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USP students capture climate change in ePop workshop

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USP journalism student Koroi Tadulala believes he can make a difference in sharing climate change stories on a wider platform.

A journalism student is among ten (10) from The University of the South Pacific (USP) who have captured the effects of climate change on their smartphones via an eParticipatory Observers Project (ePOP)workshop .

The ePOP network based in France was established by RFI Planète Radio, along with the National French Research Institute for Sustainable Development (IRD). It aims to raise awareness in Europe about climate change through videos produced by young people.

The four-day workshop from 26 to 29 March at USP’s Laucala Campus focused on developing the participant’s filming and editing skills after which these were used to produce videos about communities affected by climate change.

Final year journalism student Koroi Tadulala participated in the project due to his keen interest in climate change and the environment.

He noted that ever since he enrolled into the course, he has been writing stories on climate change hence this was a great opportunity to not only hone his skills in this area but “address the issue via a bigger platform”.

In an interview with the Pacific Media Centre (PMC) based at the Auckland University of Technology, Tadulala said composing and sharing the stories to a much wider audience was an exciting opportunity.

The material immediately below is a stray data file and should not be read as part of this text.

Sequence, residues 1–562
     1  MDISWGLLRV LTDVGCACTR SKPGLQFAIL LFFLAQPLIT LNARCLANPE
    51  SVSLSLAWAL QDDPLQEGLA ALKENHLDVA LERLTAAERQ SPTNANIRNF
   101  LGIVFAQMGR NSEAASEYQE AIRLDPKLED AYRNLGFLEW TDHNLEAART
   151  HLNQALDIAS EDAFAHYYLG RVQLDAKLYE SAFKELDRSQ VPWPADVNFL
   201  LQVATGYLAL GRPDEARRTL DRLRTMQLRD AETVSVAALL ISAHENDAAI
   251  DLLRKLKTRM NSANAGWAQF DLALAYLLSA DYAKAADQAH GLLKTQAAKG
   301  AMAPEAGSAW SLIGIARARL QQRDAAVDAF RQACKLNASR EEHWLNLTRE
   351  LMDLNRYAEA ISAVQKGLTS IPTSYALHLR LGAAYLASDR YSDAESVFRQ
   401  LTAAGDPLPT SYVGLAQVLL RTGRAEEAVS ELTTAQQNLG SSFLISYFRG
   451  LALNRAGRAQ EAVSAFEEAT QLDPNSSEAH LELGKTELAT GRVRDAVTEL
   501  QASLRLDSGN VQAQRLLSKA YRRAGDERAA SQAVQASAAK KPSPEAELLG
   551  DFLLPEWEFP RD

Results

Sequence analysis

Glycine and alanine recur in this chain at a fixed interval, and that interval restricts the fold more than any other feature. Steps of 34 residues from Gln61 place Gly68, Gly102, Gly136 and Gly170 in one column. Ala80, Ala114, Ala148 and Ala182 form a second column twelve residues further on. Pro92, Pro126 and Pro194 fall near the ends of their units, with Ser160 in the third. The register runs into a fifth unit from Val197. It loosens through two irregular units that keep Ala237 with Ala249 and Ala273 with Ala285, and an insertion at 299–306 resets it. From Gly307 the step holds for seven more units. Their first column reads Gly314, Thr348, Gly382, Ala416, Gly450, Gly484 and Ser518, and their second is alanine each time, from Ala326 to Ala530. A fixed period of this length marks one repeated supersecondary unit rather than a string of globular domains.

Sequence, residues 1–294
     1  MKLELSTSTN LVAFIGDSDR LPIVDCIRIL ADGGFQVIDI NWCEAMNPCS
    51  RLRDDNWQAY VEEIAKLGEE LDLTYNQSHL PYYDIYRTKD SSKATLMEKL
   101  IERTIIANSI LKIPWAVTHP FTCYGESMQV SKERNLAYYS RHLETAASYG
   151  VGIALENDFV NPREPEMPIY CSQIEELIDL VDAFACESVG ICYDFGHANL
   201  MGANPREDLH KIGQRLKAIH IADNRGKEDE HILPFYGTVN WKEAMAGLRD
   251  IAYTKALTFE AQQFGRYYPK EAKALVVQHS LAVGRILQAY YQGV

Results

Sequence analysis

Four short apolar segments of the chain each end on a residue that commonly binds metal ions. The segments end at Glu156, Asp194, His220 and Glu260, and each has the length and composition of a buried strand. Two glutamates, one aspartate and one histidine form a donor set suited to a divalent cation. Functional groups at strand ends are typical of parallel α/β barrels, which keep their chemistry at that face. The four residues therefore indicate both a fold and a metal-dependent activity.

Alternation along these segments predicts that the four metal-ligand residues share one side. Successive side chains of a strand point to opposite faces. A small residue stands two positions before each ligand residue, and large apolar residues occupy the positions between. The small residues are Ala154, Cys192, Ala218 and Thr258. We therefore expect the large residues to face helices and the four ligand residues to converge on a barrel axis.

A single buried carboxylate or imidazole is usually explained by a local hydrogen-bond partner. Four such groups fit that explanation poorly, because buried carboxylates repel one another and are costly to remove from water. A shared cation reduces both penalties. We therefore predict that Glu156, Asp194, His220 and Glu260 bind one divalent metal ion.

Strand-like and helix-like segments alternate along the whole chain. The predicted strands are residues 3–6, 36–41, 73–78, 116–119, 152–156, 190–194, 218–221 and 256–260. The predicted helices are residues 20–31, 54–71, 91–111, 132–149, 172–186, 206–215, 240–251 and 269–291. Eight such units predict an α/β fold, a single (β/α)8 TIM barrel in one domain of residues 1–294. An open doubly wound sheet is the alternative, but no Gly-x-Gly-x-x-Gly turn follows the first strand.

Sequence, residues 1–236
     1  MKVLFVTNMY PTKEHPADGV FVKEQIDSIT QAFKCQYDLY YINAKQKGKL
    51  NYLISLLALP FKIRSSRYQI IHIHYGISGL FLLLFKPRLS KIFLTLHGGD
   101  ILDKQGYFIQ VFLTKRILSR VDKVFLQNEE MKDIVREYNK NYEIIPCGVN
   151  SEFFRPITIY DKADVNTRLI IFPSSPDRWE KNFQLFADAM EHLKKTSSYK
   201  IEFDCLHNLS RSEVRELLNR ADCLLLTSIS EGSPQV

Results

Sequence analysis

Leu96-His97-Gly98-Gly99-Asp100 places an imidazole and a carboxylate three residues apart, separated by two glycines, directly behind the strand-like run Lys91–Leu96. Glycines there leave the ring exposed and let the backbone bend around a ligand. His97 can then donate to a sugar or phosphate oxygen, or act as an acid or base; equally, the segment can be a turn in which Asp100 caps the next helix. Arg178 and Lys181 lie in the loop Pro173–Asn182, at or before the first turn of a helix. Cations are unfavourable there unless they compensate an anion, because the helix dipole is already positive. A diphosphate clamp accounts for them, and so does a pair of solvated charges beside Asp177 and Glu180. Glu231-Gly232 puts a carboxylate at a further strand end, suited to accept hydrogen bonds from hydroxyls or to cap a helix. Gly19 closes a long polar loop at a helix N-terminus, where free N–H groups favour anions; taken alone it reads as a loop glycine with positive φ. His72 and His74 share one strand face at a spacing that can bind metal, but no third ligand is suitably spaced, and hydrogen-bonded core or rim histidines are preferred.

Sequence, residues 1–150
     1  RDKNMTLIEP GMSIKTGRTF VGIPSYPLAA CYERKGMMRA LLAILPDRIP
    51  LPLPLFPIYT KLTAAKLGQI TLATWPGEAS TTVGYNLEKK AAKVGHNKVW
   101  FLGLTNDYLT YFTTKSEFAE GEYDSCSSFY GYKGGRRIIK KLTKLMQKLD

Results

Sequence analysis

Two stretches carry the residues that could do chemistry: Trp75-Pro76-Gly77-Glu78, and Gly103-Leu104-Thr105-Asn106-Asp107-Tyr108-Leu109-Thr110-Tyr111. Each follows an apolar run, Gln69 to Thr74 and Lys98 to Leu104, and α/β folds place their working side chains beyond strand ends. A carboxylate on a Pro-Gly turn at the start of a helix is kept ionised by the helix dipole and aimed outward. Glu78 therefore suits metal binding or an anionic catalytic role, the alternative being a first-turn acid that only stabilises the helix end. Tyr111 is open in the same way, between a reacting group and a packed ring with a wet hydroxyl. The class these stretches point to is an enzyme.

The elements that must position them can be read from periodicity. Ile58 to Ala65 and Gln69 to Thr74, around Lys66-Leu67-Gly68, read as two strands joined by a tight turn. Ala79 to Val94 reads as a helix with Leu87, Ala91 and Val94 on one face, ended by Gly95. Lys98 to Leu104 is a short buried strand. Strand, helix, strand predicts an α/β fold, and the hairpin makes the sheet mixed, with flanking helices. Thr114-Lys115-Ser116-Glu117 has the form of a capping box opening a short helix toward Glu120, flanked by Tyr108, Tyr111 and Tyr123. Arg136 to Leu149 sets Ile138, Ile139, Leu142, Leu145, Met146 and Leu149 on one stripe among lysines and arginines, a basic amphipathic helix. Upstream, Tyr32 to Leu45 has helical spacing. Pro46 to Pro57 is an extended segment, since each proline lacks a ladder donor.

“As part of the ePOP project, we go to the grassroots level and sit down with a lot of community members and ask them to share their stories with us,” he told PMC.

Tadulala explained that, “We brought out some of the stories that we didn’t really know about and now people are reacting to it. It is amazing to see how people take it in.”

He created a video story on the impacts of the devastating 2016 Tropical Cyclone Winston on food security and also focused on the Fijian village of Nabukadra and how the impacts of TC Winston motivated them to strengthen their faith in God.

Tadulala shared that a project like ePOP not only bridged the digital divide but catered to users and further encouraged young people to engage with issues around climate change.

“We create short videos from two to three minutes long so it enables them to go through the whole video without being bored.

“We decided to put this out on social media, especially because most of the people are using social media networks and it’s only smart to use that platform to put out the word of climate change,” he told PMC.

Law student Mia Kami of Tonga, also took part in the ePOP workshop because of her interest for filmmaking and explained that the ePOP team created awareness of climate change issues faced by the Pacific as it is not as strong in Europe.

“Their [ePOP’s] goal was to spread awareness of climate change in Europe, so the videos that we did were based on climate change. I think because it was from a student in the Pacific, it would be a lot more heartfelt so people would understand it more from a Pacific point of view,” Kami told PMC in an interview.

This news item was published on 27 Apr 2018 11:15:54 am. For more information or any High-Res Images, please contact us on email

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